Postby Ant_S » Thu Sep 01, 2016 4:29 pm

Well to update this, I got a Dicta 18T fitted at my LBS to try 47/18 gearing. Only cost $20 fitted but the teeth were bent straight out of the box! Not bad enough to worry about since I'm just using it as a 'test cog' but still! :P just didn't want to spend ACS or WI money straight away..

I used a cadence/gear calculator which says I'm basically 5rpm faster now throughout the speed range. Its pretty noticeable but I think an improvement. I just have to adjust my perception of what speed I think I'm doing relative to my leg speed.

I've only ridden to/from work a couple of times with it so far. Average speed for these journeys has been above my general average lately, though no achievements on Strava haha I think overall I'll prefer this gearing, definitely feels more natural pedalling a bit faster and not as hard on my knees.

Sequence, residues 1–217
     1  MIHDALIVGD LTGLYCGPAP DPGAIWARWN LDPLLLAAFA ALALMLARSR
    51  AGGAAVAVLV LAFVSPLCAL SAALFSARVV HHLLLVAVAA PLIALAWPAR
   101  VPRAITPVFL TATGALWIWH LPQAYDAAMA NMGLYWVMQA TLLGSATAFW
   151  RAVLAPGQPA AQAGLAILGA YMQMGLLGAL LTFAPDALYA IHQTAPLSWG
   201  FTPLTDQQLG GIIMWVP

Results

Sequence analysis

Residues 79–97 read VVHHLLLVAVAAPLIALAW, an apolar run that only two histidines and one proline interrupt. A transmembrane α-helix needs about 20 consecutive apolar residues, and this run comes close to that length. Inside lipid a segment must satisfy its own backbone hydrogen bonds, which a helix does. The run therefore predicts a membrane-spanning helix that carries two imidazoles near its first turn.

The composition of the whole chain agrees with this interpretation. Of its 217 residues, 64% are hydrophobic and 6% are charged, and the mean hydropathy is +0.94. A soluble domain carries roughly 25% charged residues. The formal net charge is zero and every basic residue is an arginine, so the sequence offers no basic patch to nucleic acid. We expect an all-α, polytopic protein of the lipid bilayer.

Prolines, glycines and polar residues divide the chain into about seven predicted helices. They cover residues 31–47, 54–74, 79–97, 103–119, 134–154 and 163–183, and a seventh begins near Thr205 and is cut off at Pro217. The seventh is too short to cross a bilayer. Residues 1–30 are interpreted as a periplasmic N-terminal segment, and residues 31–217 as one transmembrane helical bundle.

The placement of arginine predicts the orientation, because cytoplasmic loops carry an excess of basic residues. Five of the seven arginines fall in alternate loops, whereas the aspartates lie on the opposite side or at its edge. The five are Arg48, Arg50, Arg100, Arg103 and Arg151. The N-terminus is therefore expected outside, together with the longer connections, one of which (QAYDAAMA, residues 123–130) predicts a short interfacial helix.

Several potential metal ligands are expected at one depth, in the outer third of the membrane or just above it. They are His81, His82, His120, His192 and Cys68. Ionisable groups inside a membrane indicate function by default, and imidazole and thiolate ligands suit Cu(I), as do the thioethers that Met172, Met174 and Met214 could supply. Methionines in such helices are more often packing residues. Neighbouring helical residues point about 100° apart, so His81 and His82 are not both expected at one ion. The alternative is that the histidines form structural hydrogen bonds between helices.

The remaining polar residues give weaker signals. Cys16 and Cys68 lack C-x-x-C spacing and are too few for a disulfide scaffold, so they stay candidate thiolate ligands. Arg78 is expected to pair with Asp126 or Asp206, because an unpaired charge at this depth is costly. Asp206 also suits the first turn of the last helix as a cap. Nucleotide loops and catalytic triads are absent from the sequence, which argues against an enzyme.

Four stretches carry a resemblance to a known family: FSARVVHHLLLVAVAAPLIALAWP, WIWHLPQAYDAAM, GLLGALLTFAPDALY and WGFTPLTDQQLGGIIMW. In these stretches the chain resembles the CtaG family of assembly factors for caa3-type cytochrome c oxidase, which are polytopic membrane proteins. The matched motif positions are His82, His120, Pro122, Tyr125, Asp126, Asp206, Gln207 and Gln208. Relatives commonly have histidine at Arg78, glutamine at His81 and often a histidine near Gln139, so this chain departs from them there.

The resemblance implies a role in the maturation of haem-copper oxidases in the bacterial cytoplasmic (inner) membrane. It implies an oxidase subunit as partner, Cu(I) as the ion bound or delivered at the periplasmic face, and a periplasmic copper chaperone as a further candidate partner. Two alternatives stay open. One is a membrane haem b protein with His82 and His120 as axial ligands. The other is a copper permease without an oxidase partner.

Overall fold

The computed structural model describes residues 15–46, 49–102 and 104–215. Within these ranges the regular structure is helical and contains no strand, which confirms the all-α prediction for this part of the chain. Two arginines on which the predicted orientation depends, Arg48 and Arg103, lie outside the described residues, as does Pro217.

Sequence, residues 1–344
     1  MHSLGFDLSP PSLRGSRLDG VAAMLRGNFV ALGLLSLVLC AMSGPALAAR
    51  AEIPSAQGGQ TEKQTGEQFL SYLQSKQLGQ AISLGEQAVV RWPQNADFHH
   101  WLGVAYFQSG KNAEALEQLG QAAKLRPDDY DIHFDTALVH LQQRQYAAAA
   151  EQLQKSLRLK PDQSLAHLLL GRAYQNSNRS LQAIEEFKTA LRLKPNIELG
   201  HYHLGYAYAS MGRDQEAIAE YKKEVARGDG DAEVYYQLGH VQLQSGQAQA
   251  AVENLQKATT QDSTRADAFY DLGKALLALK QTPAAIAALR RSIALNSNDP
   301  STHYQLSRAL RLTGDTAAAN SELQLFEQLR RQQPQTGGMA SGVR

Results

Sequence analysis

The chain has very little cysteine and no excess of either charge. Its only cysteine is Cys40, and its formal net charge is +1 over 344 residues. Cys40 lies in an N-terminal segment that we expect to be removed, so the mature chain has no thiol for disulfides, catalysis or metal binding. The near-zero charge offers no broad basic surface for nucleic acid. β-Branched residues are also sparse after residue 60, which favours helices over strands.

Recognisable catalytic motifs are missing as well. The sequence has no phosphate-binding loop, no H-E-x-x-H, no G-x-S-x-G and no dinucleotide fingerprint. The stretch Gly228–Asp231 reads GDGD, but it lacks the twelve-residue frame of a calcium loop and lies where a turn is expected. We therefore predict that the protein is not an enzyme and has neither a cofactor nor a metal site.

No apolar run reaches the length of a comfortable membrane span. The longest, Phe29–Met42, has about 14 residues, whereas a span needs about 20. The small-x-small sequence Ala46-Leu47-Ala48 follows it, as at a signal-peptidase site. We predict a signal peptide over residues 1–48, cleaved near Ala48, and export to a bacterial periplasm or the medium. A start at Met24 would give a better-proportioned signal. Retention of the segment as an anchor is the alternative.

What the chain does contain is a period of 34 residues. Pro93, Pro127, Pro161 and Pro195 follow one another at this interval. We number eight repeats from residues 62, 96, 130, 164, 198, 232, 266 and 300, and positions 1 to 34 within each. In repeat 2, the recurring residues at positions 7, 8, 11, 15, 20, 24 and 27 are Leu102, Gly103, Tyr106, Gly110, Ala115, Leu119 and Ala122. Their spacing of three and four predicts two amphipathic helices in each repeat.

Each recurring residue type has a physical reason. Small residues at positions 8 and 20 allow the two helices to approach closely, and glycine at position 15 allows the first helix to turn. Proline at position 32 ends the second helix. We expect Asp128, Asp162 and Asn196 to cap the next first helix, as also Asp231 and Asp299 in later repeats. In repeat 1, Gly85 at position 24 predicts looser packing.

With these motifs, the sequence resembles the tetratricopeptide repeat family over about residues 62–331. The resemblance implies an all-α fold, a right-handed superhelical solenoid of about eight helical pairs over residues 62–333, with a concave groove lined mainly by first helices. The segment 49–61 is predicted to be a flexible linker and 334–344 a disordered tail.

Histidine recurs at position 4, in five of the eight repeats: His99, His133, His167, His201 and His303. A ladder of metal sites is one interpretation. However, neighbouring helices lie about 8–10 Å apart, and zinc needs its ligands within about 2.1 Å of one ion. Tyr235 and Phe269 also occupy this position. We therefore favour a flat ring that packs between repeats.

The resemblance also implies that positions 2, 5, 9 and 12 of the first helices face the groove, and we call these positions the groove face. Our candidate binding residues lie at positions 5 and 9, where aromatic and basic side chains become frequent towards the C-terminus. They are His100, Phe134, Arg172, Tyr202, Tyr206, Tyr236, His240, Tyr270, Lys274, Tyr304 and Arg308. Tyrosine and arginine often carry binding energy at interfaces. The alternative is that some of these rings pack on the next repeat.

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Derny Driver
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Re: Jumping between Single Speed & Roadie?

Postby Derny Driver » Thu Sep 01, 2016 6:36 pm

Ant_S wrote:Well to update this, I got a Dicta 18T fitted at my LBS to try 47/18 gearing. Only cost $20 fitted but the teeth were bent straight out of the box! Not bad enough to worry about since I'm just using it as a 'test cog' but still! :P just didn't want to spend ACS or WI money straight away..

I used a cadence/gear calculator which says I'm basically 5rpm faster now throughout the speed range. Its pretty noticeable but I think an improvement. I just have to adjust my perception of what speed I think I'm doing relative to my leg speed.